Many of the memories from the first 10 years of my childhood seem to involve dreary Saturday afternoons spent holed up in my room while my dad either 1) slept off another brutal work week in the next room or 2) worked on his car with hand tools and duct tape so he could make it out for another brutal week of work on Monday.
While I know that’s not entirely true, that our little family had many more good times than tough times, it’s those boring, rainy Saturdays that most often come to mind when I think about the late 1970s and early 1980s.
And there are plenty of triggers from that period that can bring back those old drab feelings, too.
Reruns of M*A*S*H.
Trapper Keepers covered with scratch-and-sniff stickers.
And maybe more than anything, the 1981 Topps Steve McCatty baseball card.
Now, I didn’t collect baseball cards in 1981, but my mom had started buying me a pack here and there when she went to the store. I couldn’t understand why she did that — I hated baseball and didn’t want to collect anything — but she did.
So, by that fall, I had a few stacks of pasteboards piled up around my room, and I had no idea what to do with them. I’d shuffle them and flip them (literally, not as in the well-known playground game) and *gasp* bend and crease the holy heck out of them, just because.
Especially on those rainy Saturdays when Dad was trying to get through life so he could give me a better one.
And, boy oh boy, did old #503 fit the mood of those bleak days.
The pea green A’s hat and windbreaker reminded me of those horrible M*A*S*H scrubs and told me that it was just as cold and nasty wherever McCatty was as it was outside my door on whatever rainy weekend he turned up again. McCatty’s face was caught halfway between a grimace and mild interest, like maybe he’d just witnessed a teammate tossing his cookies and realized that they had shared a meal earlier in the day.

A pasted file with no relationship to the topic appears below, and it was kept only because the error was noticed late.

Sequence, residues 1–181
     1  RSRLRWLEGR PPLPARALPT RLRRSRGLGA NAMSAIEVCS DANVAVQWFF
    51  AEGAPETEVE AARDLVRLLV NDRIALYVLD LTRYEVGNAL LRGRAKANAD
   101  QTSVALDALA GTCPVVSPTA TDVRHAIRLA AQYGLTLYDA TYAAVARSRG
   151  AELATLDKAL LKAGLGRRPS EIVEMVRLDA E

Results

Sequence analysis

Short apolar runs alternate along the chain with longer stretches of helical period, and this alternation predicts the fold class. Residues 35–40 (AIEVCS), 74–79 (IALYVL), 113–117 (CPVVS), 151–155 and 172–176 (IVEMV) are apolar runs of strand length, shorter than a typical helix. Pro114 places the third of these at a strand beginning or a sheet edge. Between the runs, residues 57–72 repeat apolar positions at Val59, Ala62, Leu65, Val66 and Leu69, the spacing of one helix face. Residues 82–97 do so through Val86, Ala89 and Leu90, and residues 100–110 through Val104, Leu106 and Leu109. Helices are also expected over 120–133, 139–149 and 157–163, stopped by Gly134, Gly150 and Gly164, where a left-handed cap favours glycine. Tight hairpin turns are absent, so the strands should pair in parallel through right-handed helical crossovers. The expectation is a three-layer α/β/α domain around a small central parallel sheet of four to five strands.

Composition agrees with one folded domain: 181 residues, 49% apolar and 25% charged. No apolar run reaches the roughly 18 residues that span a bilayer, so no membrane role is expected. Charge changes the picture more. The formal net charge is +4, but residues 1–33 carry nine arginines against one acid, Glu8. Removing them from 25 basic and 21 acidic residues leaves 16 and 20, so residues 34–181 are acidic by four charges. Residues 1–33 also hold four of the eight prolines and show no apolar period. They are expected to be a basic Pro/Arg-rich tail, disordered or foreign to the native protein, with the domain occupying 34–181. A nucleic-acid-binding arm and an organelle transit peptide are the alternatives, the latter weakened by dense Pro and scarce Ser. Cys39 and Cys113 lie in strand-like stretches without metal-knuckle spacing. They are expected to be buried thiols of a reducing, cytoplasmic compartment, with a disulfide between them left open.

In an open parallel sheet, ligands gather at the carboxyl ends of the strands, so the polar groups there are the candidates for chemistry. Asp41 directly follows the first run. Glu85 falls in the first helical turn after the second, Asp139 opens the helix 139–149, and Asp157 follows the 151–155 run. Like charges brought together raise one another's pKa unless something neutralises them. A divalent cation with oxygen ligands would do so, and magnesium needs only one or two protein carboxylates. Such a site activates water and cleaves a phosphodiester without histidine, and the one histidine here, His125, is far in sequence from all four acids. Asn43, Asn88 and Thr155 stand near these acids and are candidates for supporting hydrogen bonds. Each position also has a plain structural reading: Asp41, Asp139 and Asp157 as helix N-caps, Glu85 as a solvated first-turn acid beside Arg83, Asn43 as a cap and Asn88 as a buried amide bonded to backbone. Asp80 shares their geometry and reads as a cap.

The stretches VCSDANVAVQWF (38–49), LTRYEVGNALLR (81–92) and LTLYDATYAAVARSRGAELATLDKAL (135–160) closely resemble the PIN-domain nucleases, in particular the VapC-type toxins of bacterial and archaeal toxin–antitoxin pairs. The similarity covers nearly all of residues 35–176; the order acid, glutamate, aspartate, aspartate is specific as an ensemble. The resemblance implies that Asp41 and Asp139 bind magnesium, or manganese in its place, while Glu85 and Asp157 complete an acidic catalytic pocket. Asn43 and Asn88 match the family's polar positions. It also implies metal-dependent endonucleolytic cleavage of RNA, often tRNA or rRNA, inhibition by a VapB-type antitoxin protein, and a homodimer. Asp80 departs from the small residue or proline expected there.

Even the stadium scene behind McCatty was dank, like the aftermath of a monster truck rally under a dome when all that’s left is the cleanup.
The back of the card didn’t offer much hope, either. The typical soft and dingy Topps card stock of the era did little to doll up the four meager lines of stats that I didn’t understand or the understated season highlight: “Steve pitched A’s to 5-2 win vs. O’s, 9-7-80.”
Was that good? I didn’t think a win could be bad, but wasn’t there more fanfare to be had — somewhere — for a professional baseball player? To me, McCatty looked like an old man, and I figured a lifetime full of baseball should have yielded something more grandiose than that single line of faint praise.
Of course, maybe McCatty was just getting by, like the rest of us.
Maybe being a professional athlete didn’t guarantee you happiness any more than being a secretary or truck driver did. And if that was the case, why bother? And why would I want to collect little pieces of cardboard that reminded me of that depressing thought.
And I didn’t … at least until 1983.
- My mom and dad started collecting antiques, so …
- We spent our weekends traveling to shops and shows rather than walled up in the house. Along the way …
- I started seeing baseball cards for sale and realized that people actually did collect them.
- I also caught a few early Reds games on the local television station, and they weren’t drab at all. In fact, there was a lot of sunshine.
- And there was also, Johnny Bench, who I heard was a future Hall of Famer and in his final season.
- The new baseball cards my mom brought home seemed brighter than the ones I already had.
All of those factors converged one bright spring day when I popped open a pack of 1983 Donruss and pulled a smiling Cesar Cedeno card.
At that moment, it didn’t matter how sour Steve McCatty looked on those old dog-eared cards in my room because Cedeno was there to light up Riverfront Stadium and to remind me that the future looked good — even if “my” Reds were mired in last place.
I grabbed hold of the hobby with both hands and never looked back, but ol’ Steve McCatty stuck with me.
As my collection grew, McCatty sightings came less and less frequently, but he would still pop up when I was shuffling through a stack of 1984 Donruss or 1989 Upper Deck.
How did he get there, in those exact moments?
I have no clue. But I know, even now, he’s lurking — waiting — in the darkest corners of my collection, and of my memory.
I always have an antidote close at hand, though.
(Check out our rundown of the most valuable 1981 Topps baseball cards.)
End Date: Thursday 03/21/2024 16:08:41 EDT
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End Date: Thursday 03/14/2024 15:42:53 EDT
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